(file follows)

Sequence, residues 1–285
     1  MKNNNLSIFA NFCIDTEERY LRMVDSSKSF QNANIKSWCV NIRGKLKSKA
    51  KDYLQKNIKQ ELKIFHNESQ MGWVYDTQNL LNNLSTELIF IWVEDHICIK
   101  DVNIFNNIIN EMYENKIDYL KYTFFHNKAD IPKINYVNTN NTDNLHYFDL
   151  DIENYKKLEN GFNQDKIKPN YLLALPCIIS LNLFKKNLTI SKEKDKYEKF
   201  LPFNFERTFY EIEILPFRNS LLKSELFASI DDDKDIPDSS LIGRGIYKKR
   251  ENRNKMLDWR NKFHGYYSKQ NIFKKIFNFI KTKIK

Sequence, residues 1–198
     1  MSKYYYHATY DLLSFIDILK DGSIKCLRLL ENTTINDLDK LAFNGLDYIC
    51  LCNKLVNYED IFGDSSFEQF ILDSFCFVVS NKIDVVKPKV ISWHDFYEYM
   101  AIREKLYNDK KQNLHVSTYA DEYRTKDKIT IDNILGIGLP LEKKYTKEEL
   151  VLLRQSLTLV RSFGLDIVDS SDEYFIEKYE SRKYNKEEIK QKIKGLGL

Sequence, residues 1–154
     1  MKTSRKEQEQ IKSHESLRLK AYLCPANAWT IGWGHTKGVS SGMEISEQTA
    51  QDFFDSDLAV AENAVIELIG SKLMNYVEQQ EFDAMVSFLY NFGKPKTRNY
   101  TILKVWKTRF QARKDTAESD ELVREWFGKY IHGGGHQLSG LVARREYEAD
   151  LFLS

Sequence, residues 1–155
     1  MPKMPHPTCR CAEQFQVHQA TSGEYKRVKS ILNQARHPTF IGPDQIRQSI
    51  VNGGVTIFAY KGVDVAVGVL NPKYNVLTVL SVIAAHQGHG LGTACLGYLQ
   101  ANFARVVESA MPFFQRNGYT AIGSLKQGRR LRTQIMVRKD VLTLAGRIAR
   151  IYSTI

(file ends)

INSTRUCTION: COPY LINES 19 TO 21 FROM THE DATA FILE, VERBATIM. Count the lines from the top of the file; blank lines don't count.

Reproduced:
     1  MPKMPHPTCR CAEQFQVHQA TSGEYKRVKS ILNQARHPTF IGPDQIRQSI
    51  VNGGVTIFAY KGVDVAVGVL NPKYNVLTVL SVIAAHQGHG LGTACLGYLQ
   101  ANFARVVESA MPFFQRNGYT AIGSLKQGRR LRTQIMVRKD VLTLAGRIAR